22: Will & Grace (1998–2006; 2017–2020)
Eric McCormack is Will, a well-dressed lawyer; Debra Messing is Grace, a slightly daffy interior director. He’s gay, she’s straight, and they’re best friends. Adding spice to the mix are Megan Mullally as the loaded (in both senses of the word) Karen, and Sean Hayes as the flamboyantly loud and proud Jack. This NBC comedy felt revolutionary when it debuted in 1998, and it’s no exaggeration to say that it played an important role in the push toward gay rights in America, including the legalization of gay marriage. Beyond that, though, the show was (and remains) a riot with zingers worthy of Noel Coward.
Where to stream it: Will & Grace, on Hulu
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21: Black-ish (2014–Present)
One of the biggest complaints you can level against the network sitcom is that it has always been a bit of a whites-only club. That finally began to change during the Obama years, thanks in part to the success of this Kenya Barris creation — a weekly family comedy that almost always hits the bull's-eye of humor and topicality. Anthony Anderson and Tracee Ellis Ross are both aces, heading up the show’s cast as a successful and happily married husband and wife who worry that their family isn’t “Black enough” for our complex moment in history. That probably makes the series sound heavier than it is, but its resonance is in how deftly it balances its timeliness with more traditional screwball silliness.
Where to stream it: Black-ish, on Hulu
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20: Sex and the City (1998–2004)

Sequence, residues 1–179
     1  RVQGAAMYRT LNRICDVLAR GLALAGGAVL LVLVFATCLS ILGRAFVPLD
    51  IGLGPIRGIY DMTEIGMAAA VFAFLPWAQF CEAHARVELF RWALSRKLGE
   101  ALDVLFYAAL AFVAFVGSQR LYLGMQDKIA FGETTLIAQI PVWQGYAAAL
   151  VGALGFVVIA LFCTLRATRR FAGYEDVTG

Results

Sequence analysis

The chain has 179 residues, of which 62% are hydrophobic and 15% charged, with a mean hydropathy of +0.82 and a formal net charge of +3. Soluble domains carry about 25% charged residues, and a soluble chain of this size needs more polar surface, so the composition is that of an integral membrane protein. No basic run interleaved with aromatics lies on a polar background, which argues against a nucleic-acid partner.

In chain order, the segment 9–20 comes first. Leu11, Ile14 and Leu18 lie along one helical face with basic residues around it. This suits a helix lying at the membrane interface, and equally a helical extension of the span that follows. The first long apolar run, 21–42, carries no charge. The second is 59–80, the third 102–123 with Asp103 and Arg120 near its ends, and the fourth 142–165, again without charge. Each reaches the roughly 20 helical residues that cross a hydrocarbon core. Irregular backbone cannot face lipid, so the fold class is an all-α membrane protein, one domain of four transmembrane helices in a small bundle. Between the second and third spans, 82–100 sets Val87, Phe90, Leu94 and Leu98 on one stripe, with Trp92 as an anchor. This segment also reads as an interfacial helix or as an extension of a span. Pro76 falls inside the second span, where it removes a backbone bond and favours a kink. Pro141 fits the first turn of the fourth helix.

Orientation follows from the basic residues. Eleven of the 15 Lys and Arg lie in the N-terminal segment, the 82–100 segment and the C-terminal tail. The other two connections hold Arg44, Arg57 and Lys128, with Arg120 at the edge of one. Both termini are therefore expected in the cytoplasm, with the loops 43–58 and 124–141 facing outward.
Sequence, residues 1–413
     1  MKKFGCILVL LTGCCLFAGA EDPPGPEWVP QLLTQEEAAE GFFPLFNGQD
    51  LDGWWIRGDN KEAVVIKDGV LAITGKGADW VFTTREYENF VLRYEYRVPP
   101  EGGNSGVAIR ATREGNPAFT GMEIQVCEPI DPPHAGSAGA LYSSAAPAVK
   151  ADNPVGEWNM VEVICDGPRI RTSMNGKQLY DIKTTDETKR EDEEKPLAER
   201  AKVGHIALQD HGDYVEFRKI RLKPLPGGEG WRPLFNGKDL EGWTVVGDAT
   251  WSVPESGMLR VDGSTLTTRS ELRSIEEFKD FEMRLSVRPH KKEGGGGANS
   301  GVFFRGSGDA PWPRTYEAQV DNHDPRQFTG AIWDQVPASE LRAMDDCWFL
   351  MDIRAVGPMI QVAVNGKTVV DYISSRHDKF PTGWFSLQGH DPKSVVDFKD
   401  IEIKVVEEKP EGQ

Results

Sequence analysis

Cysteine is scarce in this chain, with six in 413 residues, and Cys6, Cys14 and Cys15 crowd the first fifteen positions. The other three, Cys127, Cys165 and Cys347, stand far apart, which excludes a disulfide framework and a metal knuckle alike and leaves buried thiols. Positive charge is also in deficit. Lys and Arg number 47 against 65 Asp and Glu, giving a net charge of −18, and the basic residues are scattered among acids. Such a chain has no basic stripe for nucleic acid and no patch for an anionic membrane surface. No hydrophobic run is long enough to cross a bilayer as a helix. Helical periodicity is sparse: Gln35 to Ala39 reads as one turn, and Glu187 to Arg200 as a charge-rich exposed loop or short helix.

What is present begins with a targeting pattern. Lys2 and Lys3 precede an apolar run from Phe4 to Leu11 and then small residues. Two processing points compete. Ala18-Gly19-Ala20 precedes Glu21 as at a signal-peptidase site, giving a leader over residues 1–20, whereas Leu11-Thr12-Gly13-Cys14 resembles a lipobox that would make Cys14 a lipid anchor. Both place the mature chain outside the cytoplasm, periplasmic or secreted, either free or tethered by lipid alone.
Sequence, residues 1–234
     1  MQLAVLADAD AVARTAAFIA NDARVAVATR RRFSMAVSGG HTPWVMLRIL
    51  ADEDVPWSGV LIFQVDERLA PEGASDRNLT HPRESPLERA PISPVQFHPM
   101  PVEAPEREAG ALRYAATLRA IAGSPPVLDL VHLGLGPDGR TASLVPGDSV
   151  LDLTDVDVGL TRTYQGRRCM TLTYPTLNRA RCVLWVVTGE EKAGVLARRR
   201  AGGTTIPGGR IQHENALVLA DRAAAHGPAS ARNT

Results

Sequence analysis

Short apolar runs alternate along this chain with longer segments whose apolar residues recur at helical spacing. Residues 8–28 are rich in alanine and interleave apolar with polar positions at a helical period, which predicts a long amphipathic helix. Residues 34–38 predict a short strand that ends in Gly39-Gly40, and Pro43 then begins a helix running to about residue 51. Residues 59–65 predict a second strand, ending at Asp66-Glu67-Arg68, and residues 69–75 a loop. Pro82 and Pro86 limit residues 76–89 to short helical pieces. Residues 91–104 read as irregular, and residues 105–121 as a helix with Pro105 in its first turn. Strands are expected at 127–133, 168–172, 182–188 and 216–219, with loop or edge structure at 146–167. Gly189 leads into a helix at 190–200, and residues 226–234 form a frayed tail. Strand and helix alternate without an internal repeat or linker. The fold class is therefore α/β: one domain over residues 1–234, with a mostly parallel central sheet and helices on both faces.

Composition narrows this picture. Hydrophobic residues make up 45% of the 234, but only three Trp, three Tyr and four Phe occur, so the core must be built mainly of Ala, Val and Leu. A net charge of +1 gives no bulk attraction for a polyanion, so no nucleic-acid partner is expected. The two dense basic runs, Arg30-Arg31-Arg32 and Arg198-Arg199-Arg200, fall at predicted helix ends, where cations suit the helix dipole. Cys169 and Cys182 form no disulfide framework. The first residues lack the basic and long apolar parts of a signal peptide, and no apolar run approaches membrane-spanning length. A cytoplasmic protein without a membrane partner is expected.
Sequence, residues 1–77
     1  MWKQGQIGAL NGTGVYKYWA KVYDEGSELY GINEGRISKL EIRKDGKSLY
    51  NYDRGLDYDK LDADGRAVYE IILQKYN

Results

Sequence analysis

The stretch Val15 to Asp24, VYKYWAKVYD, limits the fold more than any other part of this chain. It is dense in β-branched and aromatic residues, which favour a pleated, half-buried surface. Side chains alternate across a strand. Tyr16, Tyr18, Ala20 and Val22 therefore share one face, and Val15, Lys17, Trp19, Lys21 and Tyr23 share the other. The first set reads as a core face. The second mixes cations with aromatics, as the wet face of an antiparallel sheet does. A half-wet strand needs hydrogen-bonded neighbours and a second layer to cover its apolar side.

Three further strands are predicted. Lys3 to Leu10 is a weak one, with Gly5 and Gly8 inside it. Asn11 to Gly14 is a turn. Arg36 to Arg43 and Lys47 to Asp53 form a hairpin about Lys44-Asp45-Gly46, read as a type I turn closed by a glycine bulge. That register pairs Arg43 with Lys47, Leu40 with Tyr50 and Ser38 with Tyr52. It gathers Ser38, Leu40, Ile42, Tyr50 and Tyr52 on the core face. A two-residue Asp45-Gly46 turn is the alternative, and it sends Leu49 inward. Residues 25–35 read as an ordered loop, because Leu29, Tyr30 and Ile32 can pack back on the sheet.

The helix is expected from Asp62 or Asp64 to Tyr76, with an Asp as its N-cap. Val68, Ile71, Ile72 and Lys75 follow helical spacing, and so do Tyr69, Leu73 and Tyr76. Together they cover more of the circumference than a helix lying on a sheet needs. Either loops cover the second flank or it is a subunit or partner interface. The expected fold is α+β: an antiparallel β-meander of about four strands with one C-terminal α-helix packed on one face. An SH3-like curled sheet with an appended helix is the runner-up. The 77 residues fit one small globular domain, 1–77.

TV critics and pop-culture pundits always point to The Sopranos as the show that turned HBO into an original programming powerhouse, but Carrie Bradshaw & Co. deserve just as much of the credit. As a serial-dating Manhattan sex columnist, Sarah Jessica Parker turns the usual sitcom dating games into urban anthropology along with her three brunching besties: the prim Charlotte (Kristin Davis), the uptight Miranda (Cynthia Nixon), and the sex-hungry man-eater Samantha (Kim Cattrall). Sex and the City may come off as a tad dated in 2021, but at the turn of the millennium every episode felt like a taboo shot of truth.
Where to stream it: Sex and the City, on HBO Max
19: Veep (2012–2019)
If you’re one of the stars of the best sitcom of the ’90s, what can you possibly do for an encore? Well, if you were Julia Louis-Dreyfus, you followed up Seinfeld with this profane peek behind the curtain of American power. As the holder of the most thankless job in politics, Louis-Dreyfus plays VP Selina Meyer, a woman who masks her own sense of impotence with withering, elaborately inventive insults that she fires off at her staff and rivals like she’s holding a howitzer. Created by Armando Iannucci, this D.C. comedy is the kind of satire that stings and leaves a welt.
Where to stream it: Veep, on HBO Max
18: 30 Rock (2006–2013)
Speaking of encores, former Saturday Night Live head writer Tina Fey spoofed late-night variety shows, the self-absorbed eccentrics who work on them, and the surreal idiocy of network politics in this rat-a-tat series that somehow packed in more gags between commercial breaks than most shows did in an entire season. As Liz Lemon, Fey beautifully mixed antisocial awkwardness with surreal slapstick. Orbiting around her deadpan wit were the note-perfect Tracy Morgan, Jane Krakowski and Alec Baldwin, all of whom took the same merry-prankster joy in biting the NBC hand that fed them.